14 Songs You Need In Your Life This Week

Tracks we love right now, and why they matter. In no particular order.

February 07, 2015
1. Lower Dens, "To Die In LA"

In person, Jana Hunter's gaze seems to cut through you. A smile is not her default facial expression; she usually looks like she is turning something over in her mind. Hunter is the sort of musician whose songs often sound the way that face looks: reflective, a little austere, and rich with her own particular sense of melancholy. "To Die In L.A.," the first single from her band Lower Dens' new album, is what happens when someone this contemplative makes pop music. Like their other work, it's anchored by Jana Hunter's low, brooding voice, but this time the tempo is up, the guitars are bright, and the synthesizers are nimble enough to make you want to move. With "To Die In L.A.," they've converted their moodiness into enlightened optimism. — Molly Long

1. Lower Dens, "To Die In LA"
2. Young Fathers, "Rain Or Shine"

I dare you to listen to Young Fathers' new single and not burst immediately into a full, all-face-muscles-engaged smile."Rain Or Shine" is the Scottish trio's first release since winning the Mercury Prize last fall and it appropriately bears the mark of pop ambition—upbeat keys, call-and-response vocals, and a super-sticky hook: I may not be around come rain or shine. Really, though, it sounds like a wild gospel song fed simultaneously through present-day top 40 and mid-century krautrock filters. It's thrilling to listen to—so much so that I'm willing to forgive them for the obnoxiously post-modern name they've given their new album: White Men Are Black Men Too. — Rawiya Kameir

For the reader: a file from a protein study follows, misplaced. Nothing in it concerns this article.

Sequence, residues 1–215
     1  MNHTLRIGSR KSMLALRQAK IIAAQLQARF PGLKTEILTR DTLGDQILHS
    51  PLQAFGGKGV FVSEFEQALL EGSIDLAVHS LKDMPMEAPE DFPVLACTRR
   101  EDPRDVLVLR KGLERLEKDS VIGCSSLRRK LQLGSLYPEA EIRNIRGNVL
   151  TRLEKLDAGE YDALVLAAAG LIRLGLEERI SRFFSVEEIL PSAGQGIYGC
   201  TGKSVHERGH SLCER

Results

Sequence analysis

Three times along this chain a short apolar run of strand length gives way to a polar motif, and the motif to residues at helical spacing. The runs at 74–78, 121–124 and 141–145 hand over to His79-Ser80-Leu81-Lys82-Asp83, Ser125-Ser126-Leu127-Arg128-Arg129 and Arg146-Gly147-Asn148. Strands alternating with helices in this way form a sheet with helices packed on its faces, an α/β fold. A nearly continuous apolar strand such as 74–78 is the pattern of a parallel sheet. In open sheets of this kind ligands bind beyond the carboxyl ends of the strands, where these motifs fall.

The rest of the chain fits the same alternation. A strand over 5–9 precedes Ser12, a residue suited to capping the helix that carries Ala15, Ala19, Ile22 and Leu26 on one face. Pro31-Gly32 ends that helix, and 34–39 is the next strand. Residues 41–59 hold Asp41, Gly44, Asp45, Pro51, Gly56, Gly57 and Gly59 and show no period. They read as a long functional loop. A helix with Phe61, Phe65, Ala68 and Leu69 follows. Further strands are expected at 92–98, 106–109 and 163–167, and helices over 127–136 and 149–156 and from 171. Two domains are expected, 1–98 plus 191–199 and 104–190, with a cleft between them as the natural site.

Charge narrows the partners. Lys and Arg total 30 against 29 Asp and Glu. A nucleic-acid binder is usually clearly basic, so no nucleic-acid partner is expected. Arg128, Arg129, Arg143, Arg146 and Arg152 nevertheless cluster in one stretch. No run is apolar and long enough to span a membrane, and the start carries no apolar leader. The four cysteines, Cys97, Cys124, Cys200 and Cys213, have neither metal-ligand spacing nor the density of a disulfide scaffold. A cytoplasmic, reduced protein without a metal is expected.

2. Young Fathers, "Rain Or Shine"
3. Ca$h Out, “WYD”

Ca$h Out's rapping sounds something more like singing than rappity-rapping, so the fact that that he's got an R&B project called (omg) Less Stress More Sex in the works isn't that surprising. What is surprising, though, is just how hard he's leaning into the sex jam thing, made evident by the release of the project's first single, "WYD," this week. Backed by inomekindakitchen's low lit, lounge piano-laced production, Ca$h coos. It's hard to believe that it's the same guy who had a post-win LeBron James whiling, but I'm into it. —Zara Golden

3. Ca$h Out, “WYD”
4. Laura Groves, "Committed Language"

There's something about Laura Groves' voice that makes you want to wander, and her melodies are delicate but never ambiguous. On the title track from her forthcoming EP, out on Nautic bandmate Bullion's DEEK Recordings, the UK-based singer/songwriter sounds effortless atop synth textures and layered self-harmonies. At the very least, listen to "Committed Language" so you can hear the way those vocal layers slide in when the lush chorus hits. — Noah Yoo

4. Laura Groves, "Committed Language"
5. Julio Bashmore f. Bixby, "Kong"

Bristol boy and frequent Jessie Ware collaborator Julio Bashmore's been hit-and-miss since 2011's astounding breakout "Battle For Middle You." But when he's on, he's really on. Case in point: his latest single is a subtle thumper featuring vocals from Bixby that slink over the track's soft-focus bump and cushy hi-hats. Is this a sign that Bashmore's long-gestating debut LP is finally on its way? Who knows, and who cares. For now, we have "Kong," and that's all that matters. —Larry Fitzmaurice

5. Julio Bashmore f. Bixby, "Kong"
6. Krill, “Tiger”

I had a bad day but at least it's….ending. That's how singer and bassist Jonah Furman opens "Tiger," a song from his band Krill's sturdy and strange upcoming full-length, A Distant Fist Unclenching. On this track, Furman's sighing vocals swim around clean guitar phrases that feel like they're always shifting, plus some spastic outbursts of percussion and melody. As always, Krill is making rock music for people who like hearing stories; this one's about a well-liked dude who gets mauled by a tiger. The song's narrator may be glad his day is over from the get-go but, even after seven-plus minutes, I always wish the song wasn't. — Patrick D. McDermott

6. Krill, “Tiger”
7. AKA f Burna Boy, JR, Da Less, "All Eyes On Me"